Zeppelin Bend Straight Malt Whiskey

Maker: New Holland, Holland, Michigan, USA

Age: NAS

Proof: 90 (45% ABV)

Appearance: Burnt orange with long sticky legs.

Nose: Prunes, cardamom, ginger, mace, cocoa

On the Palate: Full-bodied and sweet upon first entrance. Heavily spiced mincemeat pie, and then red wine chocolate truffles dusted with Dutch process cocoa powder. Yes those exist.

Finish: Hot, but then a dry chocolaty sweetness that too quickly fades.

Mixed: A highball of Zeppelin Bend and club soda on the rocks is pretty good, even if it does taste a bit like a watered down Choc-Cola. Other classic Scotch cocktails work well, too. A rusty nail has a nice bitter, spicey note that balances out the honey liqueur nicely, and a Rob Roy is quite good, even if it’s not quite sure if it’s a Rob Roy or a Manhattan.

Parting Words: American straight malt whiskey is has not been very popular historically, and as a result has not been made much by American distillers. Like a rye or bourbon, American malt must be aged in new charred oak barrels and must have a mash bill of at least 51% of the grain in question, malted barley. But where Big Whiskey saw no reason to tread, a few micro distillers saw an opportunity. Stranahan’s in Colorado led the way, followed by (among others) Pritchard’s in Tennesee, and New Holland in Holland Michigan. Bourbon and rye still excite me more than any other American whiskeys, but of the American straight malts I’ve tried, Zeppelin Bend is the best. This is another case in which a micro is doing what a micro should be doing: offering interesting spirits that the big boys don’t.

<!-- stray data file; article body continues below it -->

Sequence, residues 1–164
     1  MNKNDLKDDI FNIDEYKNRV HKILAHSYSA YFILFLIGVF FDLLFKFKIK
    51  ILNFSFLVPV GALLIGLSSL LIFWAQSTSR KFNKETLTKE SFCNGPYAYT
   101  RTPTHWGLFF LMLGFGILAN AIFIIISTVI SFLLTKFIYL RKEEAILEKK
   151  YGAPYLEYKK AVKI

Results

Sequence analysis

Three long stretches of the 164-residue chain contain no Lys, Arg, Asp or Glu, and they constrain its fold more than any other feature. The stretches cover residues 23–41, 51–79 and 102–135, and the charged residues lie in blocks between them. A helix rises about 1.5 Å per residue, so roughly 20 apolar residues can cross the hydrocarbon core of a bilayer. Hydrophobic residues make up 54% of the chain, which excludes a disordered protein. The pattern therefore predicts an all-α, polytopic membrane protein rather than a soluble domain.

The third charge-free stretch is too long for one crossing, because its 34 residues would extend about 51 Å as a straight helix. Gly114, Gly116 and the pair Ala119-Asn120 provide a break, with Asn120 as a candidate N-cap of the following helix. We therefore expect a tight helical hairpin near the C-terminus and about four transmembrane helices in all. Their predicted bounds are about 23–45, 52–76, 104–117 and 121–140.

Knickerbocker Gin

Maker: New Holland, Holland, Michigan, USA

ABV: 42.5%


Appearance: Crystal clear with pearl necklace-ing.

Nose: Sweet, a little rough. Citron, anise, a touch of horehound and eucalyptus, a hint of juniper.

On the palate: Full-bodied, but light in flavor. Water brings out the juniper in a big way. The sweet old-fashioned stick-candy flavors are there too: licorice, horehound and bitter lemon.

Finish: Herbal and floral neat, sweetness and candy with a splash of water.


Tom Collins: Does very well. Adds depth to the drink without overwhelming it.

G & T: Does fine, but doesn’t particularly distinguish itself when mixed with good tonic. Ironically (or not) it seems to stand out more against supermarket brand tonic.

Bitter Lemon: Overwhelmed by the citrus flavors.

Dry Martini (w/Noilly Pratt): Adds a nice sweet note to balance the assertive herbaceousness of the vermouth. Brings a good amount of body too. As I reach The Olive Zone at the bottom of the glass, it stands up to the brine well. Knickerbocker would probably work even better in a perfect (½ dry vermouth, ½ sweet) martini, but unfortunately I didn’t think of that until the bottle was almost gone. I don’t remember this gin doing nearly this well in a martini the last time I bought it. If they tinkered with it in the recent past, they did a good job. Like Corair’s gin, this is a fine, if less ambitious, example of what micro-distillers can do well. Recommended.

Hatter Royale Hopquila

Maker: New Holland, Holland, Michigan, USA

Age: NAS (unaged)

ABV: 40%

Appearance: pale, hazy yellow with decent legs.

Nose: Raw spirit, maybe a hint of flowers.

On the palate: light, creamy taste, then just burn.

The finish: This is where the resemblance to tequila really blossoms, no pun intended. Citrus, spice, sweetness. Not complex, but interesting.

Mixed: Does very well in a “hopquila sunrise” with oj, ice, grenadine and orange bitters. OK in a “hoprita”, no worse than a standard mixto tequila. With an ice cube and a squeeze of lime, the sweetness and citrus notes come to the fore, almost turning it into lemonade.

Parting words: Hatter Royale is an unaged barley spirit  infused with centennial hops, giving it a tequila-esque floral aroma. I’m not sure if it will ever be anything other than a novelty, but it works on that level. It does best as an interesting alternative to a white or mixto tequila in summertime mixed drinks. It will never work as a substitute for a fine sipping tequila, but I don’t think it was intended to. Recommended for mixing.